From the Brewers: “The idea came about while (Viewpoint founder) Charles Koll was talking to chef Nathan Lingle from L’Auberge about the holidays just before San Diego Beer Week. We were hoping to do a collaboration with him for our grand opening but the timing didn’t work out, so we decided to collaborate on a beer for the holidays. While talking about the many different flavors that reminded us of the holidays, cranberry was universal. Charles and I talked about using our French-saison recipe because it has earthy pepper notes that would complement the tartness of cranberries. To add to the overall balance of the beer, we added some Red X malt to the base recipe for more sweetness and a little darker color. Chef Nathan came in to brew the beer with us and we discussed the best way to make the cranberry sauce. Because we added sweetness with the grain bill, no sugar was used while making the sauce. Instead, Nathan made a fennel stock and that was the liquid used to reduce the fresh and dried cranberries. We used about 10 gallons of the cranberry sauce and later added fennel pollen for aromatics, like a dry-hop addition. The Cranbarely Sauced French saison is beer-forward with the cranberry coming at the finish. The fennel is sudden and comes more on the nose. The goal was to keep beer in the foreground and have the other flavors play a complementary role.”—Moe Katomski, Head Brewer, Viewpoint Brewing Company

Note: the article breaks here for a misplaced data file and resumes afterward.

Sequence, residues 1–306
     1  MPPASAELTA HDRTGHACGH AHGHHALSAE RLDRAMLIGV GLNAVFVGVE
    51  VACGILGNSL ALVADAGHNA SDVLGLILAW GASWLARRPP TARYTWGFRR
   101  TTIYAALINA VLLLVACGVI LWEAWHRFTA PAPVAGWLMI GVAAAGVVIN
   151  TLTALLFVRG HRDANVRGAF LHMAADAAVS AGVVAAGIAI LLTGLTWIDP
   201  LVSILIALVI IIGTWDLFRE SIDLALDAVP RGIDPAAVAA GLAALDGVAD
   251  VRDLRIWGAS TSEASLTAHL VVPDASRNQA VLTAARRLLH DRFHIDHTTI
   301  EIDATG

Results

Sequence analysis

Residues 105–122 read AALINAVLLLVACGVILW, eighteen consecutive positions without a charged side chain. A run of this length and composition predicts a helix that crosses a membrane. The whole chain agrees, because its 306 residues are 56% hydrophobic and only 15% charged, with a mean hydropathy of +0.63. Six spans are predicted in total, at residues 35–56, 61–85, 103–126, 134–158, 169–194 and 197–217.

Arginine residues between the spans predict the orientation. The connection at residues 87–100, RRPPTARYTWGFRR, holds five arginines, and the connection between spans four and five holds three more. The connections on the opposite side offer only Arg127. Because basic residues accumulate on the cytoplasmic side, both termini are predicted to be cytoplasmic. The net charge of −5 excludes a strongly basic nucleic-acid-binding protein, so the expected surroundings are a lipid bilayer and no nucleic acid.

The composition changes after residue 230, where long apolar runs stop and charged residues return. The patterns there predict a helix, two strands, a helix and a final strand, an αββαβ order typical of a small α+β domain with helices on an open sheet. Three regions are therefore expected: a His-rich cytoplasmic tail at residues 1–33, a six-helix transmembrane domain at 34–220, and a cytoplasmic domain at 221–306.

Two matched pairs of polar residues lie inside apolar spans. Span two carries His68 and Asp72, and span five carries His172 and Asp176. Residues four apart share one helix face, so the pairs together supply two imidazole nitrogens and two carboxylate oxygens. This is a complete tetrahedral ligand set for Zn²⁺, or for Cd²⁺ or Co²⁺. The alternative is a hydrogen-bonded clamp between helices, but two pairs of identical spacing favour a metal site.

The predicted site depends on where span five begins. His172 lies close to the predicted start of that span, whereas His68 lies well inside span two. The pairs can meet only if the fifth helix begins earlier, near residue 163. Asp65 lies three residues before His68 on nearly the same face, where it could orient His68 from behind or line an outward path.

On Memorial Day weekend of 2016, downtown Julian’s The Bailey Wood-Fired BBQ closed its doors. That move shut down its on-site fermentation component, Julian Brewing Company. The business was taken over and converted into a brewpub in 2012 by San Diego brewing veterans Vince Marsaglia and Tom Nickel. The latter is the owner of O’Brien’s Pub and West Coast BBQ & Brew, and sold off his stake later that year, going on to open his own brewery, Nickel Beer Co., just down the street. Marsaglia, co-founder of Pizza Port, Port Brewing and The Lost Abbey, soldiered on but struggled to make a success of the operation. After exploring the option of selling The Bailey, he made the decision to close it and revamp it almost in its entirely. Soon, it will reopen with a new identity that will make it unique from a beermaking perspective, not only within Julian, but throughout San Diego entire county. Read more »